Units were sent by Count William of Hesse-Hanau; Duke Charles I of Brunswick-Wolfenbüttel; Prince Frederick of Waldeck; Margrave Karl Alexander of Ansbach-Bayreuth; and Prince Frederick Augustus of Anhalt-Zerbst.

Hessian hussars in America

The Hessians did not act individually. Their princes determined whether to hire out the units. Many of the men were press-ganged into Hessian service. Deserters were summarily executed or beaten by an entire company.[5]

Hessians comprised approximately one-quarter of the forces fielded by the British in the American Revolution. They included jäger, hussars, three artillery companies, and four battalions of grenadiers. Most of the infantry were chasseurs (sharpshooters), musketeers, and fusiliers. They were armed with smoothbore muskets, while the Hessian artillery used three-pounder cannon. Initially the average regiment was made up of 500 to 600 men. Later in the war, the regiments had only 300 to 400 men.[citation needed] About 18,000 Hessian troops first arrived in North America in 1776, with more coming in later. They landed at Staten Island in New York on August 15, 1776. Their first engagement was in the Battle of Long Island. The Hessians fought in almost every battle, although after 1777, the British used them mainly as garrison troops. An assortment of Hessians fought in the battles and campaigns in the southern states during 1778–80 (including Guilford Courthouse), and two regiments fought at the Siege of Yorktown in 1781.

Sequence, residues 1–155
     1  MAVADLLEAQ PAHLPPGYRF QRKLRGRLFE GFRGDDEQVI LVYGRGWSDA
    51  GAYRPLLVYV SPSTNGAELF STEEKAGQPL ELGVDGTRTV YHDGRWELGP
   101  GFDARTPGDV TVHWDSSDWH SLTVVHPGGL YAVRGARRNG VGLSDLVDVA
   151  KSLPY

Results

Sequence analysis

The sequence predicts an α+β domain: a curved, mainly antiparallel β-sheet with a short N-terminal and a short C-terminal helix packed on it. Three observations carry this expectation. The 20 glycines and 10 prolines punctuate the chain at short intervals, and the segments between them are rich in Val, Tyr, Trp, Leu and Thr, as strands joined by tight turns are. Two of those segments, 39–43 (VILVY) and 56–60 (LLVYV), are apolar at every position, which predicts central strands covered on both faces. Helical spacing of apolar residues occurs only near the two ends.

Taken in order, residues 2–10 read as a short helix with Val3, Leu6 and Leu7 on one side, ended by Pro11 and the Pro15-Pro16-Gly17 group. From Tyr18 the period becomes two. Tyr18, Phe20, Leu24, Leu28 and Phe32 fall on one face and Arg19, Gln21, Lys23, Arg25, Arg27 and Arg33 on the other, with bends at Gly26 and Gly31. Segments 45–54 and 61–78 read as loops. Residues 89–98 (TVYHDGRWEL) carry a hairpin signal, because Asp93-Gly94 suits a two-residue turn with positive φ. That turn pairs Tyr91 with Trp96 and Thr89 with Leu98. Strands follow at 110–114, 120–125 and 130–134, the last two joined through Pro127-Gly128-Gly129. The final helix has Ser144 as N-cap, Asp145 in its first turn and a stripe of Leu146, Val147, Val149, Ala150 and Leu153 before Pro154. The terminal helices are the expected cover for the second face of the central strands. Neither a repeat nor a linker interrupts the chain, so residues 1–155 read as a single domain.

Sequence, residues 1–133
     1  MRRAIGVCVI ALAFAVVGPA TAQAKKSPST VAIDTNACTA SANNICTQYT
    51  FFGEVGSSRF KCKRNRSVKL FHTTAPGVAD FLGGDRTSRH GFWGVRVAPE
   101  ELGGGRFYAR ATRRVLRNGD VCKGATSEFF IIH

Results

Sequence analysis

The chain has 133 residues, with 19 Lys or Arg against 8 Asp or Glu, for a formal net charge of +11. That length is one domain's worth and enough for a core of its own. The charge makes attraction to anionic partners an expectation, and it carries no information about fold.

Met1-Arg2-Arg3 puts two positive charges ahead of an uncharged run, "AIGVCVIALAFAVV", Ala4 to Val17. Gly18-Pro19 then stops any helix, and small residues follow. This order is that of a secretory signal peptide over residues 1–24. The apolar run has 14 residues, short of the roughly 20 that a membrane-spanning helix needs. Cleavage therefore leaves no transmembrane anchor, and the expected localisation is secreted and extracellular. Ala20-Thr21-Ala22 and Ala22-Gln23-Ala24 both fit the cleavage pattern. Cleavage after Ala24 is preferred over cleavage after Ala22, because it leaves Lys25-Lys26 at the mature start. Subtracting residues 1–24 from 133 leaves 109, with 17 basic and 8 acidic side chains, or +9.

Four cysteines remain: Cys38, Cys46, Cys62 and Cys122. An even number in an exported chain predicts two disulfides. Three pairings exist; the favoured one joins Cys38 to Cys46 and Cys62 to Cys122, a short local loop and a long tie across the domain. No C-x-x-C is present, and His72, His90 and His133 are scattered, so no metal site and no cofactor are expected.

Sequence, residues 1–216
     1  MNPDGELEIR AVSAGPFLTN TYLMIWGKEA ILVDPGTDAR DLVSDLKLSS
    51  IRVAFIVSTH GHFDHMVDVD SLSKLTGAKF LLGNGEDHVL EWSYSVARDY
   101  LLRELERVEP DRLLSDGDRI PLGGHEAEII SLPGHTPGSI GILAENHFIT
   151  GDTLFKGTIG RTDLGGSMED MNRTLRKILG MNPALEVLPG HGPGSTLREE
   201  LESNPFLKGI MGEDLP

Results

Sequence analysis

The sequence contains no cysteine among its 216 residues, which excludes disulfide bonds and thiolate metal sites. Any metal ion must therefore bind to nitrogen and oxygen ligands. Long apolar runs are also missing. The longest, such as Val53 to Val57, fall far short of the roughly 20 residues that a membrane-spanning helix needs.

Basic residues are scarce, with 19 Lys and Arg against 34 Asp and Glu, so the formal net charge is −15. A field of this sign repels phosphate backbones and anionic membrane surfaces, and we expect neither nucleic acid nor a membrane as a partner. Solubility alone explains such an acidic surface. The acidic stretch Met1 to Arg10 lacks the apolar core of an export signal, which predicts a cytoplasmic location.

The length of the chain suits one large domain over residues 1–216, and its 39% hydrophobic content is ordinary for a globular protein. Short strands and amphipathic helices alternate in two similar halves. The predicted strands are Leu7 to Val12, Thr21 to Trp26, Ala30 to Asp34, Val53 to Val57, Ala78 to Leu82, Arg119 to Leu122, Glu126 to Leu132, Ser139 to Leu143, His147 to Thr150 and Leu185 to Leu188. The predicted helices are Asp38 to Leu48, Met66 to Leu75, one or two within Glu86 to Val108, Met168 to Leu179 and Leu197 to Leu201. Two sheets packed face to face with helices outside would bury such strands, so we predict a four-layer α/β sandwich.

The British use of Hessian troops rankled American sentiment, and pushed some Loyalists to favor the revolution. The British use of non-English speaking foreign troops to put down the rebellion was seen as insulting, as it treated British subjects no differently than non-British subjects. Pro-British Tories believed that the British colonists deserved more than mercenary foes.

Hessian soldiers were famous for their feminine gait when marching, often credited with the stealth-like nature of their advance. This characteristic gait is still seen in many Germanic settlers to the United States and is most prevalent in Central Texas.

Hessian captives

Hessian soldiers captured during the Battle at Trenton taken to Philadelphia.